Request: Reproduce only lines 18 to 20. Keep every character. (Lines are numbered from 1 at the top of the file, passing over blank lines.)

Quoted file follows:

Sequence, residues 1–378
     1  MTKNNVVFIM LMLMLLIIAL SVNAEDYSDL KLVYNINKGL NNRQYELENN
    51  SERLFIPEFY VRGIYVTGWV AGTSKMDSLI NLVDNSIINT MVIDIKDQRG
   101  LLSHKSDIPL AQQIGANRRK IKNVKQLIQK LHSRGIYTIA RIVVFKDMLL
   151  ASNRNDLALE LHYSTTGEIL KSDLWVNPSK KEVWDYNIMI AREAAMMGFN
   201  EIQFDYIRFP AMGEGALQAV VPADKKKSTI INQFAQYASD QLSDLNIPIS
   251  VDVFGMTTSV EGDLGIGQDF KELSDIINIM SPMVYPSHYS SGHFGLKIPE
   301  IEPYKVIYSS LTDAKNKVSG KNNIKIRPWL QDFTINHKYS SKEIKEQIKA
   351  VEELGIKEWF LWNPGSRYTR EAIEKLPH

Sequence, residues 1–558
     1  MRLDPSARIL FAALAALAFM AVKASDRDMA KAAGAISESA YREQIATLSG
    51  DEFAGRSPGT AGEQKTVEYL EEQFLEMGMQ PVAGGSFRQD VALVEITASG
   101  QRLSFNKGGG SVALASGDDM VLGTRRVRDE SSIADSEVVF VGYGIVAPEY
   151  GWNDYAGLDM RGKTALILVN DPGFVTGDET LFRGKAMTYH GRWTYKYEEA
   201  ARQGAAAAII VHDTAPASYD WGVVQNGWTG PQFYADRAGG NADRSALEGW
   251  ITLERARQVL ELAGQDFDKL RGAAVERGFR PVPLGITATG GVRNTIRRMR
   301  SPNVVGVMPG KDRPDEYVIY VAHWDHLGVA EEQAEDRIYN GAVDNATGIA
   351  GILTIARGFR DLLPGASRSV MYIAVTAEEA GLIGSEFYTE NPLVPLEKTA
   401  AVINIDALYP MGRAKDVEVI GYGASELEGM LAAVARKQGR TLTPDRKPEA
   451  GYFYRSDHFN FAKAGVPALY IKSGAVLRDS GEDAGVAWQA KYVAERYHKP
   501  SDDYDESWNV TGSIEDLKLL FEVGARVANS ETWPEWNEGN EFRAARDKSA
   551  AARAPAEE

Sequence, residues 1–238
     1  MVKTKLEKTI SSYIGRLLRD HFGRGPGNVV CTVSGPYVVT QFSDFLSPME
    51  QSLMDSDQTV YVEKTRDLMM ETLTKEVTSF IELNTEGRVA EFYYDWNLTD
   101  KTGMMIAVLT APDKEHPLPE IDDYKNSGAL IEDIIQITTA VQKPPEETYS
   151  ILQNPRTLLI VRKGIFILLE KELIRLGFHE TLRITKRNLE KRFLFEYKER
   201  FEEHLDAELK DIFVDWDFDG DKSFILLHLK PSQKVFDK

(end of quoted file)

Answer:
   351  GILTIARGFR DLLPGASRSV MYIAVTAEEA GLIGSEFYTE NPLVPLEKTA
   401  AVINIDALYP MGRAKDVEVI GYGASELEGM LAAVARKQGR TLTPDRKPEA
   451  GYFYRSDHFN FAKAGVPALY IKSGAVLRDS GEDAGVAWQA KYVAERYHKP